Sue Belski, the Program Director at Salem High School's Children's Friend and Family Services Teen Parent Program, is a combination mentor, counselor and sounding board to many of the school's teenage parents.
"I think a lot of people make the assumption that once you become a parent you reach this level of maturity, which isn't true," Belski said. "They're still adolescents, and they're just like their peers in terms of not understanding what the real world is. They still need to be parented themselves."
The Teen Parent Program creates a safe haven for students and gives them a fighting chance at beating the gloomy prospects facing most teen parents. According to the National Center for Education Statistics, the dropout rate for high school mothers is a staggering 60 percent, compared to just 5.6 percent for those without children.
But Stephanie triumphantly beat the odds. Earlier this month, she walked across the stage at Salem High and received her diploma, as her proud mother and gurgling little Melanie watched.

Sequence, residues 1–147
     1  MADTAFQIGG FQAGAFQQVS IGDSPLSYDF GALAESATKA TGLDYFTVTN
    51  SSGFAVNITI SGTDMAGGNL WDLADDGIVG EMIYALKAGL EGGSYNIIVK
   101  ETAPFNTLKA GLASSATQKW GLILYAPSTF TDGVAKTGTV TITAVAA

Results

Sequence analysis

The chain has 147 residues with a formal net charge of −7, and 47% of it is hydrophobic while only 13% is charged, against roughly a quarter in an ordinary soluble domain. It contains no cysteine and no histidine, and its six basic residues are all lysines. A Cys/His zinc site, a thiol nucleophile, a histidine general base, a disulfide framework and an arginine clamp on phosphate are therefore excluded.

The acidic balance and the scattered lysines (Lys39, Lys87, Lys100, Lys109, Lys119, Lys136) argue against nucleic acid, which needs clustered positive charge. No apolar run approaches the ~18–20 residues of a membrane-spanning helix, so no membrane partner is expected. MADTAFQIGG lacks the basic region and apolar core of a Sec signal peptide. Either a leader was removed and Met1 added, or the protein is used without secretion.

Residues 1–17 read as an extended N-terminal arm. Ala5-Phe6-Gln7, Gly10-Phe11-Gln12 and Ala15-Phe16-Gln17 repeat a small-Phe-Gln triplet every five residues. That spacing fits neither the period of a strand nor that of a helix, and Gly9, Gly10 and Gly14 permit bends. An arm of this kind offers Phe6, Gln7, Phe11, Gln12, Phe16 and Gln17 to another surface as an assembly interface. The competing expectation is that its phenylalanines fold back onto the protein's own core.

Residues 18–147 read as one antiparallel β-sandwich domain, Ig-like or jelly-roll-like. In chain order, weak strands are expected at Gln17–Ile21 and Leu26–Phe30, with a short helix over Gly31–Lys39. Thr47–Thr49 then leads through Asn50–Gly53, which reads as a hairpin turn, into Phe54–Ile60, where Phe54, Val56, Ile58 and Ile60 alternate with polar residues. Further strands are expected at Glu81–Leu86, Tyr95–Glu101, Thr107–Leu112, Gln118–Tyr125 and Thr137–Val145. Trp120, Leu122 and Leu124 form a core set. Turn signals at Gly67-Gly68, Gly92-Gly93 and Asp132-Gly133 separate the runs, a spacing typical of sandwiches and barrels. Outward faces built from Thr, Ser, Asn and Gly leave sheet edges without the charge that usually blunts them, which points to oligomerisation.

Milagros has changed as well, her initial anger quickly giving way to grandmotherly adoration. "When I see my granddaughter...and she is smiling, I can see God smiling to me," she said.
For Stephanie, the diploma represents lessons learned both inside and outside the classroom.
"Having my daughter has brought me nothing but joy, but the journey to achieve my goals has been a difficult one," she explained. "A year and a half ago I did not believe I'd be in this place but I think she was brought here for many reasons. I think she's here to better me as a person. I was not on track, and now I am. I feel that my daughter is my motivation and she made me who I am today."
Inspired by her daughter, Stephanie now plans to attend a community college and become a pediatric nurse.
In spite of her success, Stephanie still has a few words of caution for other young girls: "Be smart. That one moment is just a moment. A kid is a lifetime."